Recently, two malware families -- Swizzor and Conficker -- stopped infecting machines in countries out of which the authors were operating, so not to attract law enforcement, Pierre-Marc Bureau, senior researcher at ESET, told SCMagazineUS.com on Friday. If a cybercriminals targets users outside of their country, it's harder for authorities to respond, he said.
The Swizzor malware has been around for about two years but only recently stopped infecting Russian machines by identifying the language of a user's operating system, Bureau said. Users running a Russian version of Windows will not be infected.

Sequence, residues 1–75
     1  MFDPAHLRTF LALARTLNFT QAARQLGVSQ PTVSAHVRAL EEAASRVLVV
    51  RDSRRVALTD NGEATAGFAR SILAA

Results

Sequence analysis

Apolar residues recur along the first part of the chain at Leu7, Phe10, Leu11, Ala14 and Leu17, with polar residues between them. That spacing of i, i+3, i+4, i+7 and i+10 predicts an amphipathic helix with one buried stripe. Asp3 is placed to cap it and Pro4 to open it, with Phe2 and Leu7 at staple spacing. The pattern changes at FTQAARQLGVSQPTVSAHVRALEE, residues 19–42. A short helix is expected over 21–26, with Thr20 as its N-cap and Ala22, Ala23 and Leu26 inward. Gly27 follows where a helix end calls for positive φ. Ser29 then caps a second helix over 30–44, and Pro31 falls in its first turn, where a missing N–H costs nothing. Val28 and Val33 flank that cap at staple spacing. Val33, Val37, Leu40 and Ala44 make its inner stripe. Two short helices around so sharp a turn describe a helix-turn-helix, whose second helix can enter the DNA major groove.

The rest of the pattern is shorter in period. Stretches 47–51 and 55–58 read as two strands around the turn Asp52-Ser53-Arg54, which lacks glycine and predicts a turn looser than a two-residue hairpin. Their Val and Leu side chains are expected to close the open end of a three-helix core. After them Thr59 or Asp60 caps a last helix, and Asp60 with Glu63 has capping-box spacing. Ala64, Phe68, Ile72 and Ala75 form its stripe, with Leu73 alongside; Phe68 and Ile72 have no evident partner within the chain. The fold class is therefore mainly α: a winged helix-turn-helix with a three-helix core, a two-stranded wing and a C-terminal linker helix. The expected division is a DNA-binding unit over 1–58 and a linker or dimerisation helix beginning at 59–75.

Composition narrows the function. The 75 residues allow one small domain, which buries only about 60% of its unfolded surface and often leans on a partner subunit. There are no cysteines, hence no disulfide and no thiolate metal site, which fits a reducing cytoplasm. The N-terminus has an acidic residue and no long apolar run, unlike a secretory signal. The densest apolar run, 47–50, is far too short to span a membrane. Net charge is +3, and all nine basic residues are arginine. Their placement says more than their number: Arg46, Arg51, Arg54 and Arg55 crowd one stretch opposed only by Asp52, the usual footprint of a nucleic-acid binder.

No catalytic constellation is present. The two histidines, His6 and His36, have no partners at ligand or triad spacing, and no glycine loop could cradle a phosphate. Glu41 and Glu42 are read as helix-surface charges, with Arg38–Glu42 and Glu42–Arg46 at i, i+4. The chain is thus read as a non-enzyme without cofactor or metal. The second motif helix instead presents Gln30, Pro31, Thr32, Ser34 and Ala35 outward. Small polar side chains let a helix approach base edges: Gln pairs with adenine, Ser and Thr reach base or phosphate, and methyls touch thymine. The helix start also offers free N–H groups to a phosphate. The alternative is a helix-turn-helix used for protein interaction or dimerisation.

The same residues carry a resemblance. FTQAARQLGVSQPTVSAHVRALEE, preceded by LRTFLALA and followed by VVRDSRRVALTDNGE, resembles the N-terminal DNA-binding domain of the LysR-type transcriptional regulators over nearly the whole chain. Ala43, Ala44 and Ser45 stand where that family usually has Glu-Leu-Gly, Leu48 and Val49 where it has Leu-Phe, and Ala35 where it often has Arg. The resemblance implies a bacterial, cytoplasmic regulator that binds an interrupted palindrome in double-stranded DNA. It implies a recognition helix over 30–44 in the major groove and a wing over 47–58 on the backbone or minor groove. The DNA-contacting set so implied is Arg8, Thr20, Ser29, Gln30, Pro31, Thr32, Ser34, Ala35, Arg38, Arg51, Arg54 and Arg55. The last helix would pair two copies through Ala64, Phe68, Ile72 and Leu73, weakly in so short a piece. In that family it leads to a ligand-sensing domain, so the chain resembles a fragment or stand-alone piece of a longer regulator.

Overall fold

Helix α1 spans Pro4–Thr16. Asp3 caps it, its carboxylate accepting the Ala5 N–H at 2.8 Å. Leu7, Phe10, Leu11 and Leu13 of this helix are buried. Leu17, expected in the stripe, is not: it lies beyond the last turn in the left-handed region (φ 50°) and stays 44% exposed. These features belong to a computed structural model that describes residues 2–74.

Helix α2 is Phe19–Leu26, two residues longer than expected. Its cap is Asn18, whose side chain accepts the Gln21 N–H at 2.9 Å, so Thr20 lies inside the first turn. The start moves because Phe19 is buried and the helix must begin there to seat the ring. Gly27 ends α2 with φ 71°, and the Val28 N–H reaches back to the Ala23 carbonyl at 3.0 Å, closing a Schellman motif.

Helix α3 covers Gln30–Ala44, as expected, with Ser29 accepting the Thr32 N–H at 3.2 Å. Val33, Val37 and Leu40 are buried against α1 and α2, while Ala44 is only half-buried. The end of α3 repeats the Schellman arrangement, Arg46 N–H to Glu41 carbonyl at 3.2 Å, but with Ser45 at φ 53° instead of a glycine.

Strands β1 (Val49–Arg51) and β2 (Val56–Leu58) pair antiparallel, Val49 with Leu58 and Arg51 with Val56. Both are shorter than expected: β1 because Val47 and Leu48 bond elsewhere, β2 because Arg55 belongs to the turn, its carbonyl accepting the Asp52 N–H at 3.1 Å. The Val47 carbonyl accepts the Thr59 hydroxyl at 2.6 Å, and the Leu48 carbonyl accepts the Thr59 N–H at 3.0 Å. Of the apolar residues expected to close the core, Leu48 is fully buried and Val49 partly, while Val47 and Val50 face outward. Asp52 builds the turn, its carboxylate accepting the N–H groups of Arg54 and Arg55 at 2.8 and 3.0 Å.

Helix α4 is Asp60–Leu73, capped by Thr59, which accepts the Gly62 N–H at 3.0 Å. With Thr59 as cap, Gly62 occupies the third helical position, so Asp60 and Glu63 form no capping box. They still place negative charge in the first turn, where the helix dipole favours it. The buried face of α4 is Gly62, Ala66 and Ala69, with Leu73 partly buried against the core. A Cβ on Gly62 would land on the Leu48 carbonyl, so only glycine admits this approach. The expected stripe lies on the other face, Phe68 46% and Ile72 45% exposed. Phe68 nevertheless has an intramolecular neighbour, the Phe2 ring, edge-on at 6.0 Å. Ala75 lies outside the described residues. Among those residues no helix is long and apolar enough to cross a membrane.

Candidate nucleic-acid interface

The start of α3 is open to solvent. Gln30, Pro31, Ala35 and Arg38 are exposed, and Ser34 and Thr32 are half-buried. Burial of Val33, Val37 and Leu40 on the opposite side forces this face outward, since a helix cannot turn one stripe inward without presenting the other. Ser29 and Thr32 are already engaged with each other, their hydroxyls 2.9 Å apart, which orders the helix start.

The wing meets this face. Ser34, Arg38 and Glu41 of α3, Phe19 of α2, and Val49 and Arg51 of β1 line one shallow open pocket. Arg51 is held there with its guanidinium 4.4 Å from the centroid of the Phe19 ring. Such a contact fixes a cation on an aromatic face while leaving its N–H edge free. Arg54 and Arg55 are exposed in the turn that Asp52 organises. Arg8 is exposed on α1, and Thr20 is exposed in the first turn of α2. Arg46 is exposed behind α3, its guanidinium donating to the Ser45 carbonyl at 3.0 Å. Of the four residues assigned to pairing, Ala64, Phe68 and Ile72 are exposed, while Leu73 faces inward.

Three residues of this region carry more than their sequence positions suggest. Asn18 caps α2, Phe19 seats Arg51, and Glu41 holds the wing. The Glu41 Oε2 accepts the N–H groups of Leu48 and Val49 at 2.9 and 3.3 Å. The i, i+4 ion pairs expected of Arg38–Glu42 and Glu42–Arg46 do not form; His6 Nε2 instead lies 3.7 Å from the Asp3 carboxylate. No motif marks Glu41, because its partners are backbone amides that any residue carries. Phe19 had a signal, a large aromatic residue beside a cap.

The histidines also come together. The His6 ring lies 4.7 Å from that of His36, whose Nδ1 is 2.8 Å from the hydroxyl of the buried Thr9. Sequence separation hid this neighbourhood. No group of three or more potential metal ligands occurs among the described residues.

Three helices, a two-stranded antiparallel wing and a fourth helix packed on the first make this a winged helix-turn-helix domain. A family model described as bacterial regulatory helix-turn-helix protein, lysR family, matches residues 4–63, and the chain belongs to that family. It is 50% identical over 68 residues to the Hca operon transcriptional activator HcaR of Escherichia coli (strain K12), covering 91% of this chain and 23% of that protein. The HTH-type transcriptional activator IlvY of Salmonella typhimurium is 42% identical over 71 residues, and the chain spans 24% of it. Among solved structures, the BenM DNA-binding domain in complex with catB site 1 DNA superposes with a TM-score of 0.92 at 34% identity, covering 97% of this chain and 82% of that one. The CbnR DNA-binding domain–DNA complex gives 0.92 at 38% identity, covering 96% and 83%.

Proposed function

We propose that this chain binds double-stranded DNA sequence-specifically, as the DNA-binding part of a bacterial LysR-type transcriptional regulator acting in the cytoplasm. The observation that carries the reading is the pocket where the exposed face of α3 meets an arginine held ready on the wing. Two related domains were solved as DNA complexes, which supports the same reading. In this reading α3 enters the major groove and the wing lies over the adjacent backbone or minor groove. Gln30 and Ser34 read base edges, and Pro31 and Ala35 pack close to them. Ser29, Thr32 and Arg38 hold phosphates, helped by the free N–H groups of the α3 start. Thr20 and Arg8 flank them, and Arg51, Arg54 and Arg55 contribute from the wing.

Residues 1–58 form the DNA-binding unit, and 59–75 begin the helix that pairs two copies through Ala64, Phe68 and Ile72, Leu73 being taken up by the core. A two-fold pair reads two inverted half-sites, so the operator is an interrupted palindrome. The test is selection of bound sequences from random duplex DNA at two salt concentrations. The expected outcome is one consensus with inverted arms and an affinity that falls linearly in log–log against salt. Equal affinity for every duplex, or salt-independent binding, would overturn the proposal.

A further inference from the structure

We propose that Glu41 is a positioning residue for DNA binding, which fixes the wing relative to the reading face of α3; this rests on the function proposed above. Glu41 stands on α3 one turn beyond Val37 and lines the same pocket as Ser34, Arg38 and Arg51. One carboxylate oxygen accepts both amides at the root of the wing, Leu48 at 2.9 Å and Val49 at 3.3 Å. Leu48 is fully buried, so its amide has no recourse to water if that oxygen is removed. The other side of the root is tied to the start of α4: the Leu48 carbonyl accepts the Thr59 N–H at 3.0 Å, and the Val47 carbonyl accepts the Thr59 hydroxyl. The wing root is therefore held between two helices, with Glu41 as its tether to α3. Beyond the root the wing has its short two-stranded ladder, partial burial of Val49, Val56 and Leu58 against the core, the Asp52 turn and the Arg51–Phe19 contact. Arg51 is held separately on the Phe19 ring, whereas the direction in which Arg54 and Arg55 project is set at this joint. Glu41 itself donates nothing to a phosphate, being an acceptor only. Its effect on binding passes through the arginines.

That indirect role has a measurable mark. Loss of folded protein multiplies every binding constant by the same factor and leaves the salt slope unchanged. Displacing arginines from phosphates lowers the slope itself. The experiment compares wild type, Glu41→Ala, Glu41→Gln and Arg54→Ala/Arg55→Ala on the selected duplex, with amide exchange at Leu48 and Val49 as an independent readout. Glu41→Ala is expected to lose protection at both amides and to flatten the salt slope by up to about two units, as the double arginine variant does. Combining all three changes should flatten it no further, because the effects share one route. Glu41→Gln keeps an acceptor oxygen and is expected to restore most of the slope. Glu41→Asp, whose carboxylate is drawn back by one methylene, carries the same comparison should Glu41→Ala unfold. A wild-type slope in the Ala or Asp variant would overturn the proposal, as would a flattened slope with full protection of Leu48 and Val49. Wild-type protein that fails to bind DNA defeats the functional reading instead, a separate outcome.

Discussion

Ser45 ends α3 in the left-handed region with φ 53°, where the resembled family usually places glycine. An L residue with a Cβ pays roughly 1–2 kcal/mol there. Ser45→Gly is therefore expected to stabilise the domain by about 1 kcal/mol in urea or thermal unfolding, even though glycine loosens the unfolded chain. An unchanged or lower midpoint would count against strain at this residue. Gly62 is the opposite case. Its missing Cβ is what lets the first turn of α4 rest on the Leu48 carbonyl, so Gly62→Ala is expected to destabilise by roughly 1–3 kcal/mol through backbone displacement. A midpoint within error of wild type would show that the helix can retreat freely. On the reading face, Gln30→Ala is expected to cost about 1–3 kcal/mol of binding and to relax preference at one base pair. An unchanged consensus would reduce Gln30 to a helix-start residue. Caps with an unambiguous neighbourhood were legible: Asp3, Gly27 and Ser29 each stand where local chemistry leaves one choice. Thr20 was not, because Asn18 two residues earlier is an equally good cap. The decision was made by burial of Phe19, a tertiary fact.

The fact that the trojan is now avoiding Russian targets reveals some clues about the cybercriminals behind the Swizzor malware, Bureau said. The individuals likely have servers located there and perhaps are conducting other operations, such as money laundering.
Meanwhile, the earliest variants of the rapidly spreading Conficker virus, which exploits a patched Windows Server Service vulnerability, was avoiding Ukraine targets. The malware was able to detect the keyboard layout.
However, the latest variant of Conficker -- responsible for infecting millions of machines this week, according to F-Secure -- is not choosing which victims to infect.
Still, big malware families are adopting this technique to avoid bringing attention on themselves, Bureau said.
“We have not seen this before a couple of months ago,” he said.